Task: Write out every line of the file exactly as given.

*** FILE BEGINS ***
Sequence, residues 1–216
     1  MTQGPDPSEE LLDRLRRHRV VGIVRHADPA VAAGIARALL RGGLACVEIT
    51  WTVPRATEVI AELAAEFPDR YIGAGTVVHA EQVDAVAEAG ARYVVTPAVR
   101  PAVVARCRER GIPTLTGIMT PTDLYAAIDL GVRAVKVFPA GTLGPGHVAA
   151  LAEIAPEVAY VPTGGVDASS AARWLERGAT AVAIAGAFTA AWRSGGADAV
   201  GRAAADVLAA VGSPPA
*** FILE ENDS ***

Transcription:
Sequence, residues 1–216
     1  MTQGPDPSEE LLDRLRRHRV VGIVRHADPA VAAGIARALL RGGLACVEIT
    51  WTVPRATEVI AELAAEFPDR YIGAGTVVHA EQVDAVAEAG ARYVVTPAVR
   101  PAVVARCRER GIPTLTGIMT PTDLYAAIDL GVRAVKVFPA GTLGPGHVAA
   151  LAEIAPEVAY VPTGGVDASS AARWLERGAT AVAIAGAFTA AWRSGGADAV
   201  GRAAADVLAA VGSPPA